Born in 1919 in what was then called Petrograd, Ustvolskaya studied at the Leningrad Conservatory (as the city had been renamed in 1924). Her primary teacher was Dmitri Shostakovich, who greatly admired her ability and, according to Ross, deliberately absorbed elements of her style into his own late music. "I am a talent," the teacher told his former student, "you are a phenomenon." (He even proposed marriage to her after the death of his first wife.)
Early in her career, Ustvolskaya wrote music in the socialist-realist idiom imposed by the Soviet authorities, but she abandoned that approach by the late 1940s. (Tellingly, the composer's Wikipedia entry omits altogether the Soviet-style works from its list of her compositions.) In the 1970s she began treating explicitly Christian subject matter in her music, a risky act of resistance to Communism's atheist ideology during the repressive Brezhnev era.
Ustvolskaya's musical style — described by Ross as "austere, hieratic, an intermingling of skeletal counterpoint and crashing cluster chords" — is distinguished by extreme dynamics, tone clusters, insistent ostinato rhythms provided by piano or percussion, and repeated blocks of sound. (One Dutch critic referred to her as "the lady with the hammer.") Especially striking is her use of unusual instrumental combinations: among her works are an Octet for two oboes, four violins, timpani and piano; the Composition No. 1 (Dona nobis pacem) for piccolo, tuba and piano; the Composition No. 2 (Dies Irae) for eight double basses, piano and wooden cube; and the Composition No. 3 (Benedictus, qui venit) for four flutes, four bassoons and piano. Her Fourth Symphony — only six minutes long — is scored only for voice, piano, trumpet and tam-tam; while her Fifth (and final) Symphony calls for voice, oboe, trumpet, tuba, violin and percussion.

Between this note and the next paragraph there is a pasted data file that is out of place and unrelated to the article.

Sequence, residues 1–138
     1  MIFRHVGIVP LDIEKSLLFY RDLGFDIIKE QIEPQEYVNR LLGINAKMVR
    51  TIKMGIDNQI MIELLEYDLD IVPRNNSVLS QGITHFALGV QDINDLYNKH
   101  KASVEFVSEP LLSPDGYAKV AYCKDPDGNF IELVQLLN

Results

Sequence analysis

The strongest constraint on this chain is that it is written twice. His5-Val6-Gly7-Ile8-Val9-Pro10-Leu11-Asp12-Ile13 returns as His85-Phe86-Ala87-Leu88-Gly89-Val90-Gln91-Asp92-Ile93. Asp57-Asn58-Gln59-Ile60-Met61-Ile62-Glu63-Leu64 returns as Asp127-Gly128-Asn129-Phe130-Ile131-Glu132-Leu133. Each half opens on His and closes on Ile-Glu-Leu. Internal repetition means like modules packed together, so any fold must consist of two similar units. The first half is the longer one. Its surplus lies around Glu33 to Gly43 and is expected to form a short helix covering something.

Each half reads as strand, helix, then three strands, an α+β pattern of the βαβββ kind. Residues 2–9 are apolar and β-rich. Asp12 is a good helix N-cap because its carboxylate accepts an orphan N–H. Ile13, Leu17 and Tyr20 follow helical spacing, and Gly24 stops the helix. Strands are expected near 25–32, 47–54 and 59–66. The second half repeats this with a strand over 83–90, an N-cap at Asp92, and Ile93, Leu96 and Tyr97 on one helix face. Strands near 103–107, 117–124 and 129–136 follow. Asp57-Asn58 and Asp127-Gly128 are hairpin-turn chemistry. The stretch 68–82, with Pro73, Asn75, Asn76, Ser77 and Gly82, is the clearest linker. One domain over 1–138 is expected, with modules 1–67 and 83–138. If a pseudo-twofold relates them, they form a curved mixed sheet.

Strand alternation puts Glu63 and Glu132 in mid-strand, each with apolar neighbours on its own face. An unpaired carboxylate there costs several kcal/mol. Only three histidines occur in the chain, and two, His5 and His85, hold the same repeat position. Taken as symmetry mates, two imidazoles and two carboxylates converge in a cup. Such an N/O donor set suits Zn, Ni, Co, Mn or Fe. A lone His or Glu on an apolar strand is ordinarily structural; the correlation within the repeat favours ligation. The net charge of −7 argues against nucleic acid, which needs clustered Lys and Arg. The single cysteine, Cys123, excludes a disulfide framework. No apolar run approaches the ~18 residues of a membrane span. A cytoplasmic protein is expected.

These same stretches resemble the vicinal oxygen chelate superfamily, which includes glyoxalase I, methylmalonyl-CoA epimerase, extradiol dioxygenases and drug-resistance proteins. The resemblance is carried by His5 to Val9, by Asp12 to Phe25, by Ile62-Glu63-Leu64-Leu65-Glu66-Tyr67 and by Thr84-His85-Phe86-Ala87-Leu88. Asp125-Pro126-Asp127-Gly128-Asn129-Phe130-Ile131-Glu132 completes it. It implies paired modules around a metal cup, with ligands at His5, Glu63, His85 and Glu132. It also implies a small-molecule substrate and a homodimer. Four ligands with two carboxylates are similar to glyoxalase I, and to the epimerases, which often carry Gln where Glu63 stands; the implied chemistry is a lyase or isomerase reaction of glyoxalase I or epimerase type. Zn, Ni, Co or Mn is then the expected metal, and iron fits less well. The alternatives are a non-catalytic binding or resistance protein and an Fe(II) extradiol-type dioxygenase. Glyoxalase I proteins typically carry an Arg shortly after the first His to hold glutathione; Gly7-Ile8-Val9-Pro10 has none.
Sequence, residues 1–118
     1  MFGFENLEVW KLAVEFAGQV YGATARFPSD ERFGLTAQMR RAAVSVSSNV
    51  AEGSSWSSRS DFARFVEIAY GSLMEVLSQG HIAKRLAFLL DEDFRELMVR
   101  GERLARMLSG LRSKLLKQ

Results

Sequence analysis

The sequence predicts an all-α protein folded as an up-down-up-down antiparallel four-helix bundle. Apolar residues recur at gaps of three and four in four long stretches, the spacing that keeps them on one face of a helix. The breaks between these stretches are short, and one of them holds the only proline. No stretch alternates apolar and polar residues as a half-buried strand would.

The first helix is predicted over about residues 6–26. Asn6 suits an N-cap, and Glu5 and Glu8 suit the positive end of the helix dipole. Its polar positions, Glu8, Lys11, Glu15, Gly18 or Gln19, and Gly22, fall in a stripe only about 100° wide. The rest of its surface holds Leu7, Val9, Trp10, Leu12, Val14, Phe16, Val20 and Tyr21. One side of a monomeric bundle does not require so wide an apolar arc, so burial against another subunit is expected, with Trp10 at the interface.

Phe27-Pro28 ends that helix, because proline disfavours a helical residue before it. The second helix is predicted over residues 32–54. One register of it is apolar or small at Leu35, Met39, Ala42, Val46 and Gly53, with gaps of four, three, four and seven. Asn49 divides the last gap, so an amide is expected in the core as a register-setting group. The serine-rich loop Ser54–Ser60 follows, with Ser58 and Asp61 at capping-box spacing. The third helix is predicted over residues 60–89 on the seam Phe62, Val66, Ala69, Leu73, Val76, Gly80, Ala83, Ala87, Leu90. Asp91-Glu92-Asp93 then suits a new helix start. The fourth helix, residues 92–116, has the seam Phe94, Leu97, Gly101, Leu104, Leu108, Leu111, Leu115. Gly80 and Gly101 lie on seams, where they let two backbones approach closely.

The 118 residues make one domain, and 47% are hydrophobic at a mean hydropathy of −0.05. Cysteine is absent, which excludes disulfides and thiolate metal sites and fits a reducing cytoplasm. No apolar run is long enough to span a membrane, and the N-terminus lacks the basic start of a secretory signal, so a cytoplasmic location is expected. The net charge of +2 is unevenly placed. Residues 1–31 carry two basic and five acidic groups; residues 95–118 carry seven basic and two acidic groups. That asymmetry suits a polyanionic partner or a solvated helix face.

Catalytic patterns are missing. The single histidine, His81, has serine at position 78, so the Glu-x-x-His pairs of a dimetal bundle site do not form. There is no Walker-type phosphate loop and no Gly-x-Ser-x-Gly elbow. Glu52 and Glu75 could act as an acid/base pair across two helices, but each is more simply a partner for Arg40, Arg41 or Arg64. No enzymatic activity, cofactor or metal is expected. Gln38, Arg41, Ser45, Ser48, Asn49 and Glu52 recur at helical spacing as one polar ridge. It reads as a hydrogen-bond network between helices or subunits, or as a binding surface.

"There is no link whatsoever," Ustvolskaya said, "between my music and that of any other composer, living or dead."